Easter Toxins and Hazards
Do not let a pet emergency become the focus of your holiday celebration. Following some of the tips below will make the day safe for all.
Easter Lily (and related Lily plants)
The Easter Lily is a common finding this time of year. “Unbeknownst to many pet owners, Easter lilies are highly toxic to cats,” said Ahna Brutlag, DVM, MS assistant director at Pet Poison Helpline. “All parts of the Easter lily plant are poisonous – the petals, the leaves, the stem and even the pollen. Cats that ingest as few as one or two leaves, or even a small amount of pollen while grooming their fur, can suffer severe kidney failure.”
In most situations, symptoms of poisoning will develop within six to 12 hours of exposure. Early signs include vomiting, loss of appetite, lethargy and dehydration. Symptoms worsen as kidney failure develops. Some cats will experience disorientation, staggering and seizures.
Another spring flower often used in cut flower arrangements, daffodils, are also toxic to cats.
- Easter grass (just like tinsel from Christmas)
Cats and dogs love anything that moves. Easter grass moves easily in the breeze, makes interesting sounds, and, for some cats and dogs, it is simply irresistible and must be eaten.
When your cat or dog ingests something “stringy” like Easter grass, it can become anchored around the base of the tongue or stomach, rendering it unable to pass through the intestines. It can result in a linear foreign body and cause severe damage to the intestinal tract, often requiring expensive abdominal surgery.
Trying to pull out visible grass or string is not recommended, as this can cause more damage if the piece is long and trapped far inside the body. Call your veterinarian if you suspect that your cat has sampled the Easter grass.
You may be surprised to learn that plastic Easter grass is also a danger to birds which are nesting at this time of year. Birds are drawn to the colorful strands and weave them into their nest. The sturdy plastic strands may wrap around and entrap a bird’s foot, or wrap around a chick’s neck. If you have an outdoor Easter egg hunt, be sure to pick up all errant strands of plastic grass.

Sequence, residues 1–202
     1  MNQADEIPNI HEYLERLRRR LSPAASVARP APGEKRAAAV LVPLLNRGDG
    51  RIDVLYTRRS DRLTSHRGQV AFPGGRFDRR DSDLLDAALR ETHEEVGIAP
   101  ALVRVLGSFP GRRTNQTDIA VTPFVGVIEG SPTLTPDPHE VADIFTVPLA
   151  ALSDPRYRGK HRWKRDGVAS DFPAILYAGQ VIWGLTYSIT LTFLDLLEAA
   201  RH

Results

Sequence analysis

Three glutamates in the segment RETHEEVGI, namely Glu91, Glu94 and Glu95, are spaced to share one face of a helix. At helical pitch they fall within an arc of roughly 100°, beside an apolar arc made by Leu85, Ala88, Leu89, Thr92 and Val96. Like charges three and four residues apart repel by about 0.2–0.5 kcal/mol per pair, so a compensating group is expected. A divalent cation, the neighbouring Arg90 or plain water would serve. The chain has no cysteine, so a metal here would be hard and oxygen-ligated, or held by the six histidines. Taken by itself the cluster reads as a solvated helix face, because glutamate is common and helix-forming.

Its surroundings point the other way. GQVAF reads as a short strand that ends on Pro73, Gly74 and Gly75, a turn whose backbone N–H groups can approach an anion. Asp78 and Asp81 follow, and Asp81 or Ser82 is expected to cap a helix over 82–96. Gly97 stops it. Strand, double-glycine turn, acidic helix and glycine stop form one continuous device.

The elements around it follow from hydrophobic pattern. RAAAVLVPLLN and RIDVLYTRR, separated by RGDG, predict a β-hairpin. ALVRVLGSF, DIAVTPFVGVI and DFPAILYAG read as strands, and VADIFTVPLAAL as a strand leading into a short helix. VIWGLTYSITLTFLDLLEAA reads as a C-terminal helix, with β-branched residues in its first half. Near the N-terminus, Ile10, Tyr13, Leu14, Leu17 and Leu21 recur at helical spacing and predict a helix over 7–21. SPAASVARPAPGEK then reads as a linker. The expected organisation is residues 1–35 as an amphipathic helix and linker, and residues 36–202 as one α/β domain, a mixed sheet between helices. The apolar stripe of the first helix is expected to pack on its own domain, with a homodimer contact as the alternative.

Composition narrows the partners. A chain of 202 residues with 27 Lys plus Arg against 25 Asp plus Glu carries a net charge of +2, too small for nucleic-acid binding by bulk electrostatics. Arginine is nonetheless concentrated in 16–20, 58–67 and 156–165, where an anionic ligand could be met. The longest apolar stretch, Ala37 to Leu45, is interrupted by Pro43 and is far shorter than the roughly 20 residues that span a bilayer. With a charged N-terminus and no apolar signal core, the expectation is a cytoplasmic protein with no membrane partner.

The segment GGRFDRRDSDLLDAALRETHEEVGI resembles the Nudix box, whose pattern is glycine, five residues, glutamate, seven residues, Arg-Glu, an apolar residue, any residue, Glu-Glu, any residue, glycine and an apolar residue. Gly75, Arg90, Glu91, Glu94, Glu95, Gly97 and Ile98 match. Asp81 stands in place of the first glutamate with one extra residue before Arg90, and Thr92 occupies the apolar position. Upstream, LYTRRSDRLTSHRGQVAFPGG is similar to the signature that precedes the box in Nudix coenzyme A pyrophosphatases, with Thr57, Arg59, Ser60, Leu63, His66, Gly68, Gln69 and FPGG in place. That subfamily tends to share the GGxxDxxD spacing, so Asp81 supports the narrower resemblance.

As a safer alternative to plastic Easter grass, look for colorful shredded paper grass or use Easter-themed tissue paper.
This is typically more of a dog hazard, as many dogs have a sweet tooth, a great nose, and the determination to find chocolate -- hidden or not, but cats may consume chocolate too.
The toxic components in chocolate are theobromine and caffeine, and the level of toxicity is based on the type and quantity of chocolate consumed.
Different types of chocolate have different amounts of theobromine and caffeine; dark chocolate contains the highest concentrations and white "chocolate" contains the least. Early clinical signs are vomiting, diarrhea and trembling.
Ingested foil wrapping can cause intestinal blockages as well as lacerate the lining of the intestines.
It is important to note that xylitol, an artificial sweetener used in many candies, chewing gums and baked goods, is potentially very toxic to dogs and ferrets.
Some people put little boxes of raisins in their Easter baskets. If you have dogs in the house, this could prove to be a very unhealthy decision. Raisins, grapes, and currants, can cause acute kidney failure in some dogs. We in the veterinary profession still do not know what it is in these fruits that is responsible for this toxicity, nor do we know why some dogs are susceptible, while others are not. What we do know though, is that kidney failure is debilitating, expensive to treat, and often fatal. Keep raisins, as well as grapes and currants, well away from your dogs.
- Easter Toys
Stuffed bunnies, chickens, and other plastic toys can be chewed and swallowed your pet. Your dog might swallow plastic, stuffing, or other parts that can cause intestinal blockages or an upset stomach. Keep the baskets out of reach of your pet.
- Plastic Easter eggs
Plastic eggs are usually filled with candy and coins. Ingesting the plastic can cause intestinal blockages, lacerations of the intestinal lining, mouth and trachea. Pennies made since 1982, zinc oxide skin preparations such as Desitin, and galvanized metal such as nails and staples. In cases of short-term exposure or when smaller amounts are ingested, signs include